Regarding the tracks on the schedules, Krall said he believes ARCA is in a fortunate position as there were more interested race tracks than available race dates. The Showdown does not even contain all the tracks under 1 mile. Madison International Speedway is not in the Showdown, yet Krall praised track owner (and also ARCA Midwest Tour Series owner) Gregg McKarns for putting on a great race day. The question, though, is whether it will translate to a higher car count. Last year, only 18 drivers competed in that race, tied for the lowest all year.

When Frontstretch panelists examined this season’s ARCA schedule, there was some skepticism. One such instance was the race at Phoenix Raceway. Yes, it will be a haul for teams, but as part of the Showdown, it has more money on the line. I would like to see some of the West teams compete in that race, as it would add some fresh storylines.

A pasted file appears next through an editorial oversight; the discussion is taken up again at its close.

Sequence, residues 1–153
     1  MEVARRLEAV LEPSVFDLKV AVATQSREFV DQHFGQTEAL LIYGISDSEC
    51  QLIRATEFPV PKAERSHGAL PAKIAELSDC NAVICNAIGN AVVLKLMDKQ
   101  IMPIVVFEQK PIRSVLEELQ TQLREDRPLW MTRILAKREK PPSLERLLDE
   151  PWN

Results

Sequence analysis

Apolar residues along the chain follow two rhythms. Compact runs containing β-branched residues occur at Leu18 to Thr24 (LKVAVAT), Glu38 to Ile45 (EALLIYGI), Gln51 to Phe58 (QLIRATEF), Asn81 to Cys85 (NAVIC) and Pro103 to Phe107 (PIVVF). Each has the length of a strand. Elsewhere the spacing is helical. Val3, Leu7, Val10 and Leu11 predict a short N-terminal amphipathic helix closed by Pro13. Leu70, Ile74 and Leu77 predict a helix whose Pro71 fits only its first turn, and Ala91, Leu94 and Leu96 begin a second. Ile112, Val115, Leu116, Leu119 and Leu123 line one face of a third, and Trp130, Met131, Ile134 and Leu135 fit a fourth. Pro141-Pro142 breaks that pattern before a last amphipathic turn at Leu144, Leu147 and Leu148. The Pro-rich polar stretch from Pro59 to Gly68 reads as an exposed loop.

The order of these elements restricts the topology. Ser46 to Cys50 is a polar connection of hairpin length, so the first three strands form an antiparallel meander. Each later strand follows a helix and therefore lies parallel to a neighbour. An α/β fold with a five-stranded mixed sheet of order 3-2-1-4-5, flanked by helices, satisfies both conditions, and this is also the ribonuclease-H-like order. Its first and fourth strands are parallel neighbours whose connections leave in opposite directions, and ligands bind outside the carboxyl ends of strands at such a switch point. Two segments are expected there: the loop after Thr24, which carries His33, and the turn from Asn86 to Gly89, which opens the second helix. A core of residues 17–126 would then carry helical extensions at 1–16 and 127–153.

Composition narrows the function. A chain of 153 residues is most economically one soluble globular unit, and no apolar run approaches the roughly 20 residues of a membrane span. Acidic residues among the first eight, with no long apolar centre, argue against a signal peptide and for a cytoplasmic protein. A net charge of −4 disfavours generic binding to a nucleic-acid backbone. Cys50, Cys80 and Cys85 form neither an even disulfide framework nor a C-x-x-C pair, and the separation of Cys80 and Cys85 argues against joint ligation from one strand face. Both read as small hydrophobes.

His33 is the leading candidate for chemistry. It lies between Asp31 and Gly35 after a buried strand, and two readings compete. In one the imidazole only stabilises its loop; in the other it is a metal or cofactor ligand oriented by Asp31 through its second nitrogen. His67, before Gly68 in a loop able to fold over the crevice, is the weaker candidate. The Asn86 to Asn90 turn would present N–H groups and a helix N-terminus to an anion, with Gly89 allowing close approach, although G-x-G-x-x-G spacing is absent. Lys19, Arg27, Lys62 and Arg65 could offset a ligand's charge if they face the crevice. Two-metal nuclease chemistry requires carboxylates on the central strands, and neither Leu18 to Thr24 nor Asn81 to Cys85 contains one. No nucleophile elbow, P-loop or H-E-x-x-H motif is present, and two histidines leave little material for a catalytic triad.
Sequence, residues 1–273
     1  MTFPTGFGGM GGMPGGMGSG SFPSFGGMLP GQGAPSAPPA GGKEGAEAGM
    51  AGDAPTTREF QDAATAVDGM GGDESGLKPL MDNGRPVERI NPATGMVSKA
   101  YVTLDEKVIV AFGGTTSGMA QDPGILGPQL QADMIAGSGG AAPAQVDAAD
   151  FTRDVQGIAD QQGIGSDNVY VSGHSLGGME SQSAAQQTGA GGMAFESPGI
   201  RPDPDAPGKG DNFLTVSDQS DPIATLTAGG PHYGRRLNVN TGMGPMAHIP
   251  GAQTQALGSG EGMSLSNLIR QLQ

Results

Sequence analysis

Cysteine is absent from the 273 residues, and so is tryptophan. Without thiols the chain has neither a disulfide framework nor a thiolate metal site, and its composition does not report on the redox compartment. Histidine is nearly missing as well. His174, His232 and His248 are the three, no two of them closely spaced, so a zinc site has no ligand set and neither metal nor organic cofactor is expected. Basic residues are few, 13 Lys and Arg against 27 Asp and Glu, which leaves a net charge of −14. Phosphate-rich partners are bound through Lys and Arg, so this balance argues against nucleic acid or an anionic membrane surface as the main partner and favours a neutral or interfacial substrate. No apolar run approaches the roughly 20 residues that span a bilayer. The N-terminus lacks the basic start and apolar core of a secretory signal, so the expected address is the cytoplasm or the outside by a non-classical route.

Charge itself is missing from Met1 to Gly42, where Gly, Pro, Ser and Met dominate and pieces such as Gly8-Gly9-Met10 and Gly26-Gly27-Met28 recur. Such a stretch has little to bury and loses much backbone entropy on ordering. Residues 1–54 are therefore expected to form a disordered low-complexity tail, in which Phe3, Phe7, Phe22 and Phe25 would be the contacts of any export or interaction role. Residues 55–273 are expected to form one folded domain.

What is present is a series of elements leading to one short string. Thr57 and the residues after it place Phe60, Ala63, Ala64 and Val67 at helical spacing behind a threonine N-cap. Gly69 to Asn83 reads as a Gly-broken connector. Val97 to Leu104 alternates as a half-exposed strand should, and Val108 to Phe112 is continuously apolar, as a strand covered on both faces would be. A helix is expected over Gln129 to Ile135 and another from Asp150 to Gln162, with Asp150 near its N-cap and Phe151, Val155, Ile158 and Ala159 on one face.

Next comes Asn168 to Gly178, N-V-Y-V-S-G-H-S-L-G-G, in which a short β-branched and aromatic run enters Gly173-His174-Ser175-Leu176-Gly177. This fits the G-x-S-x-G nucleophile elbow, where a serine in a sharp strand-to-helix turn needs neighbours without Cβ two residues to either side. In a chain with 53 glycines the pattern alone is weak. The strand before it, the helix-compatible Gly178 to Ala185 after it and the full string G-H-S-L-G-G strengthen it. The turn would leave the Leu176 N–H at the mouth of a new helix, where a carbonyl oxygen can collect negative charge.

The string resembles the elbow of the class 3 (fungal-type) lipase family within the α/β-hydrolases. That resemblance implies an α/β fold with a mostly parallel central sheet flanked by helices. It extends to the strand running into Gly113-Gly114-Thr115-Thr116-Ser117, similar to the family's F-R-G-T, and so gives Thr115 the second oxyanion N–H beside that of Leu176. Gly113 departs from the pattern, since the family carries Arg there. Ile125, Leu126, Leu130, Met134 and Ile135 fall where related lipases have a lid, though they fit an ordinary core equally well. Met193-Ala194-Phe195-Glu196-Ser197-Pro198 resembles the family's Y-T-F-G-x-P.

Nevertheless, Ron Drager, current president of ARCA and track owner of Toledo Speedway, is a firm believer in the schedule changes. Consider this: Drager willingly allowed Toledo to be moved from ARCA to the East schedule.

Drager is not the only promoter who believes in these changes. Tim Bryant, owner of Five Flags Speedway, also followed suit, with the East Series now racing at the track famous for the Snowball Derby.

As for the West Series, Frontstretch‘s Davey Segal applauded its schedule. He likes the move from the Las Vegas Motor Speedway dirt track to the track’s bullring. He said it will be a better show because the dirt track is not good for stock car racing. Now the West Series will be racing on a 0.375-mile short track instead.